Timothy’s death is not recorded in the Bible. According to extrabiblical church tradition, Timothy remained in Ephesus for the rest of his life, until he was martyred for his faith. Some of this does seem to correlate with a detail found in Paul’s final letters to Timothy. In 1 Timothy, Paul urged his young protégé to stay in Ephesus and battle the false teaching that was occurring there (1 Timothy 1:3).
Infamous for its idolatry and temple to Diana, Ephesus is the traditional burial place of Timothy. In spite of the consensus that Timothy was martyred in Ephesus, there are different accounts regarding his martyrdom. Foxe’s Book of Martyrs states that Timothy’s death occurred in AD 97 during the reign of Domitian (Claxton, 1881, p. 20). This would place Timothy’s martyrdom shortly after the exile of the apostle John to the island of Patmos, which occurred around AD 95. According to Foxe’s Book of Martyrs, “as the pagans were about to celebrate a feast called Catagogion, Timothy, meeting the procession, severely reproved them for their ridiculous idolatry, which so exasperated the people, that they fell upon him with their clubs, and beat him in so dreadful a manner, that he expired of the bruises two days after” (op. cit., p. 20).
Another source, the apocryphal Acts of Timothy, gives a similar account, except it records that Timothy’s martyrdom happened under the reign of Nerva instead of Domitian. According to this source, Timothy tried to put an end to a pagan festival in honor of Dionysus called Katagogion, in which the participants would dress in costumes, masks, and partake in sexual immorality and murder. It is recorded that Timothy exhorted them, saying, “Men of Ephesus, do not be mad for idols, but acknowledge the one who truly is God.” Instead of listening to Timothy, the revelers attacked and beat him. While Timothy was still barely alive, some fellow Christians took him away from the mob, and when he died, they buried him in a place called Pion in Ephesus. Although both accounts are similar in their description of Timothy’s death, and both show the disciple standing firm for his faith, it is not known with certainty how Timothy died.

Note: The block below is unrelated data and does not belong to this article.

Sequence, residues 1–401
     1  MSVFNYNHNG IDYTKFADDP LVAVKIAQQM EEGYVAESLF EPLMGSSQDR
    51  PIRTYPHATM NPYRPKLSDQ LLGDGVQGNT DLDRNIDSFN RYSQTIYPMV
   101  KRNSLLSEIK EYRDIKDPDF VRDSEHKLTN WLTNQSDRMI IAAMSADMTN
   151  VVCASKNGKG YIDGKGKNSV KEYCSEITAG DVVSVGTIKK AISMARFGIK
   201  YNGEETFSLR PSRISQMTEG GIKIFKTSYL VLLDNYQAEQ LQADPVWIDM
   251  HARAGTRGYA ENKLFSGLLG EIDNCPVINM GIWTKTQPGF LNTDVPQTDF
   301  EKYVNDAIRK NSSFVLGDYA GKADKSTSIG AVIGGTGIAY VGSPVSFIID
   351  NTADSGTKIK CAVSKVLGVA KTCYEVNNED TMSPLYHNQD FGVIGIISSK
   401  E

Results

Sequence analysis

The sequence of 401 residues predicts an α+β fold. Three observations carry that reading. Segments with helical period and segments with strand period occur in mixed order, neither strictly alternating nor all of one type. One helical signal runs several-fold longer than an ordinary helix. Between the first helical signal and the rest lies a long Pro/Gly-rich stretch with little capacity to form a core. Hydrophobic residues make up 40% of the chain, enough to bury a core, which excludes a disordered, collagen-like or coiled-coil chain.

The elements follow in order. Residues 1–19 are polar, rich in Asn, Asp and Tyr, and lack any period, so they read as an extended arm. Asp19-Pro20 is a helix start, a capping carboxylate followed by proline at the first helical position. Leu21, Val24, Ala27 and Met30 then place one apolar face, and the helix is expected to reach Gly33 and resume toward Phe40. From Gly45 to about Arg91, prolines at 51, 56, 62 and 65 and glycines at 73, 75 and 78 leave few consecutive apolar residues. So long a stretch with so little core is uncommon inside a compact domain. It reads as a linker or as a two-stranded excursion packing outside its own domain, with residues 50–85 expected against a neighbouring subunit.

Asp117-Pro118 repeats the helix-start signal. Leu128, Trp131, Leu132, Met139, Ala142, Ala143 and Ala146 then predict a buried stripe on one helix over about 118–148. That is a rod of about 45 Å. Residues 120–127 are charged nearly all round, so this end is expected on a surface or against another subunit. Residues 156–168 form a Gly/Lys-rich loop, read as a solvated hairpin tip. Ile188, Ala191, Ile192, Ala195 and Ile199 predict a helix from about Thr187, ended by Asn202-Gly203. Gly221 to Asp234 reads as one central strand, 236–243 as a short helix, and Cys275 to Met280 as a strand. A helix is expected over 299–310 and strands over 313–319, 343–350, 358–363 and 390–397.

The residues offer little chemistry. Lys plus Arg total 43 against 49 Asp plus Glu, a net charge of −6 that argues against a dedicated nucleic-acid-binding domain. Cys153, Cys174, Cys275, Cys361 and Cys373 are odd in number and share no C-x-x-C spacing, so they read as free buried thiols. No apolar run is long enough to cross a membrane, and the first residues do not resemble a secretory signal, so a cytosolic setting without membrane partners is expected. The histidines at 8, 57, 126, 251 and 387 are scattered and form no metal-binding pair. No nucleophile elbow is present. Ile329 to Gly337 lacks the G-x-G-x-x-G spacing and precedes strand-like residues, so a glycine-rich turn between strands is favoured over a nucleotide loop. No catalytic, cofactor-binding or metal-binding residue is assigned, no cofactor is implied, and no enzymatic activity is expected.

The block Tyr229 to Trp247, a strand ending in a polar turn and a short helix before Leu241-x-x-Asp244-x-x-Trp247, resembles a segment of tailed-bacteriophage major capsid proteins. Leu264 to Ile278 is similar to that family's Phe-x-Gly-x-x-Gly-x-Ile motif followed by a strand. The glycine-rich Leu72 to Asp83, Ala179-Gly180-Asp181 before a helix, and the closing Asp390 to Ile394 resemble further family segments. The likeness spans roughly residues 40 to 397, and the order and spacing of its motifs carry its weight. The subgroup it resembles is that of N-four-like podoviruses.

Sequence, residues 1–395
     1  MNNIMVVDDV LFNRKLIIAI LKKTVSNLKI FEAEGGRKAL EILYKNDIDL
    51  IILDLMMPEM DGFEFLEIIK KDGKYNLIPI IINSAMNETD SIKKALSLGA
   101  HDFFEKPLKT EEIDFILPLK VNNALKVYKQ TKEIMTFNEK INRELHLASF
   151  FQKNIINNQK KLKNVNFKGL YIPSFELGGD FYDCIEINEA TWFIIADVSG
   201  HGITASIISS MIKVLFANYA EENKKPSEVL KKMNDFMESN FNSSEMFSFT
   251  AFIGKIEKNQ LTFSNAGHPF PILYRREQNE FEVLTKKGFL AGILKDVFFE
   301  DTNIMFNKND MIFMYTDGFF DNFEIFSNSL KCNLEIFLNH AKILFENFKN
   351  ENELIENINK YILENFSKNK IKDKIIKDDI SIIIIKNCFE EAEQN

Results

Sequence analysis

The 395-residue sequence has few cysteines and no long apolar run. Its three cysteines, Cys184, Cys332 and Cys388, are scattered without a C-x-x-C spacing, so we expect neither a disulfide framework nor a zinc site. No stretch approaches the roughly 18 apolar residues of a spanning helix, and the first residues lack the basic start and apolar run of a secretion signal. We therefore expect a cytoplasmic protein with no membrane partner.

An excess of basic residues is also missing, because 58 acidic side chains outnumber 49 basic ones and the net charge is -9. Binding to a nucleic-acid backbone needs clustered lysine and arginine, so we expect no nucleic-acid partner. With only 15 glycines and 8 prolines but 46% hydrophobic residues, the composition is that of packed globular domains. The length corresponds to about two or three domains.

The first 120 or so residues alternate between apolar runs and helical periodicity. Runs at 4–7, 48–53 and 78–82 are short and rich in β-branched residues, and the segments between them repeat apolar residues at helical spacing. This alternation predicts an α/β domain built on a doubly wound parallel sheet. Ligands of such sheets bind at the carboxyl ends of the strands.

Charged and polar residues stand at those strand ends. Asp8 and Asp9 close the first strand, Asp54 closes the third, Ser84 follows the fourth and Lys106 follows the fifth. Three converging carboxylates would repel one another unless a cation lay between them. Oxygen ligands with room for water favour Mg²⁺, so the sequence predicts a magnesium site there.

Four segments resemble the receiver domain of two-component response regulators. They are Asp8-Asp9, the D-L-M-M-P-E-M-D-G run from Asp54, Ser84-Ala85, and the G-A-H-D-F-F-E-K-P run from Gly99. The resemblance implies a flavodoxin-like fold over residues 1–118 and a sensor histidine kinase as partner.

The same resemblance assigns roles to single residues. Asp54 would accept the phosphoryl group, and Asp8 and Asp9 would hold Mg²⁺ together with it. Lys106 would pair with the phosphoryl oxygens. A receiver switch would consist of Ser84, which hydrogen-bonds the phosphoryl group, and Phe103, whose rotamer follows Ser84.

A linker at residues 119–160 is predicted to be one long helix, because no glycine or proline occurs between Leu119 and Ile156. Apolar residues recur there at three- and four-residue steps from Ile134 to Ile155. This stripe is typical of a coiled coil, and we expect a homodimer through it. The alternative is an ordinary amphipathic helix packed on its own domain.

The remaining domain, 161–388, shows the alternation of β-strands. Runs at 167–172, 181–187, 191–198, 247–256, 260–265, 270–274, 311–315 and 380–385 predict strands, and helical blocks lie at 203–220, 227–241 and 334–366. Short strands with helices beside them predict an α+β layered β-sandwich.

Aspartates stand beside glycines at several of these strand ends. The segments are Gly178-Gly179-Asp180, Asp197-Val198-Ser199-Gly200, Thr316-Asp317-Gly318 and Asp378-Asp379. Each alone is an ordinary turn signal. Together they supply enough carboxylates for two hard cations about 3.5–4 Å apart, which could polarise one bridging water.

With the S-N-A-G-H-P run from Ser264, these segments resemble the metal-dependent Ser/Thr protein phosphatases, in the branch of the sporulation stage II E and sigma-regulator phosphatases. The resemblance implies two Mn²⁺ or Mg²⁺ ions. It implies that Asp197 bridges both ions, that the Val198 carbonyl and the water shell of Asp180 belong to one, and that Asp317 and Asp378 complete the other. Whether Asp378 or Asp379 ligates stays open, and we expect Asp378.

The Bible does not record the happenings of Timothy’s later life and death, but it does include some of Paul’s final exhortations to his friend. Paul urged Timothy to “fight the good fight of the faith. Take hold of the eternal life to which you were called when you made your good confession in the presence of many witnesses” (1 Timothy 6:11). We can be confident that Timothy took this to heart and proclaimed the gospel boldly in Ephesus, spreading the good news of Christ’s death and resurrection, and it is likely that Timothy, like the apostles, suffered for his faith.